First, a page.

Fedor Bondarchuk’s StalingradPosted: October 30, 2015
Fedor is the son of Sergei Bondarchuk, who directed WATERLOO, and is an actor, producer, and director. The cast of STALINGRAD includes:
- Pyotr Fyodorov (as Gromov)
- Dmitriy Lysenkov (as Chavanov)
- Alexey Barabash (as Nikiforov)
- Andrey Smolyakov (as Polyakov)
- Sergey Bondarchuk Jr. (as Sergey Astakhov)
- Oleg Volku (as Krasnov)
- Philippe Reinhardt (as Gottfried)
- Georges Devdariani (as Klose)
- Yanina Studilina (as Masha)
- Maria Smolnikova (as Katya)
- Thomas Kretschmann (as Hauptmann Peter Kahn)
- Heiner Lauterbach (as Oberstleutnant Henze)
- Polina Raikina (as Natashka)
- Yuri Nazarov (as Navodchik)
The film can best be described as being an all-action, melodramatic, love story and war film. It lasts just over two hours and contains some of the most violent and graphic battle scenes I have ever seen. The story is told as a flash-back by an elderly Russian rescue worker who is helping to recover survivors trapped after the Japanese earthquake and tsunami of 2011.
The plot of the film deals with the fight for a large building that is blocking a German advance. The building is held by five Russians soldiers and a young Russian woman (Katya) who they found inside when they took possession of the building. The German attackers are led by a German officer (Hauptmann Kahn) who has developed an obsession with a young Russian woman (Masha) who resembles his dead wife. The German officer’s superior (Oberstleutnant Henze) proves to be a callous individual who will stop at nothing to be successful.
The film opens with scenes showing Russian troops being ferried across the River Volga towards the city of Stalingrad.
Newly-arrived Russian troops try to capture the oil tanks that hold the German Army’s fuel reserves, but before they can do so Hauptmann Kahn blows the oil tanks up, dousing the attackers in flames.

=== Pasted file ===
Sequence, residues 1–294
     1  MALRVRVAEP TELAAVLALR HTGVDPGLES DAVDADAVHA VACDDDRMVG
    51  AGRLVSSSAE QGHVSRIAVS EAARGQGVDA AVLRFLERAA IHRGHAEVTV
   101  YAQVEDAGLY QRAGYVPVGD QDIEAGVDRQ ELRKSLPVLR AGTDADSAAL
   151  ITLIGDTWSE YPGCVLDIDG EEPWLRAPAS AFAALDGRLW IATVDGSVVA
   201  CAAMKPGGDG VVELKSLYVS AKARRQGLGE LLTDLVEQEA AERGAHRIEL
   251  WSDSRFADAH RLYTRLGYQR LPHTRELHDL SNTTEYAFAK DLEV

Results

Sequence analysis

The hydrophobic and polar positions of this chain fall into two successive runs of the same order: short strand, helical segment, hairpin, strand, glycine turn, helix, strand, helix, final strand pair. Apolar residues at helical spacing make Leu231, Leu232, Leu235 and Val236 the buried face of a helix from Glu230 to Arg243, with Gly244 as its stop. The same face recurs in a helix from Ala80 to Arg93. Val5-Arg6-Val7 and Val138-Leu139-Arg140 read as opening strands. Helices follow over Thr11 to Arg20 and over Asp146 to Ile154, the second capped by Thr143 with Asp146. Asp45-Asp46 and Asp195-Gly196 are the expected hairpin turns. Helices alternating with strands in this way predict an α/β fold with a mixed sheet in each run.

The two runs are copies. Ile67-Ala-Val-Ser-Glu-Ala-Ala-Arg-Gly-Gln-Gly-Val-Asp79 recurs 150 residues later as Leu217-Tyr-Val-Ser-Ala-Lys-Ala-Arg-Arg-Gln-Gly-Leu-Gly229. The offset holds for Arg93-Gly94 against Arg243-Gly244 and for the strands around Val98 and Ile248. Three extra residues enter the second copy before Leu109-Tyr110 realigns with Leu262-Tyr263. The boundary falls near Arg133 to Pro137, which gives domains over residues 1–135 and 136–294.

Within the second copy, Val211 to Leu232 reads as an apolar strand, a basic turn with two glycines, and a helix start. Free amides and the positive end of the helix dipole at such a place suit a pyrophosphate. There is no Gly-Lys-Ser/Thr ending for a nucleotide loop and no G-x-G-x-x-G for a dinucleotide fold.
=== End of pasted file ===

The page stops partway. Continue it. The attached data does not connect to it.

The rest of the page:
The fighting is then concentrated around the centre of the city, and in particular the square containing the famous statue of the six children dancing in a circle.
Before the first major German assault on the Russian-held building is made, Oberstleutnant Henze makes what he regards as a pre-battle ‘blood sacrifice’ when he orders that a woman and child that he has ‘indentified’ as being Jewish are boarded up in a tramcar … which is then set alight by a flamethrower.
This act causes the Russian defenders to mount a pre-emptive attack on the Germans, forcing them to fall back.
This only delays the Germans, and several unsuccessful attacks are made before a number of panzers arrive on their way to attack the Russian bridgehead on the western bank of the Volga. By this time Oberstleutnant Henze has been killed (as has Masha), and Hauptmann Kahn leads a final assault on the Russian position, supported by the panzers.
The attack succeeds, but just as the Germans seize control of the building, the Russians call down an air strike on their position, killing the Germans and wiping themselves out in the process. Only Katya survives because Sergey Astakhov – who is the father of her unborn child – makes sure that she is moved to a safe nearby location before the final battle begins.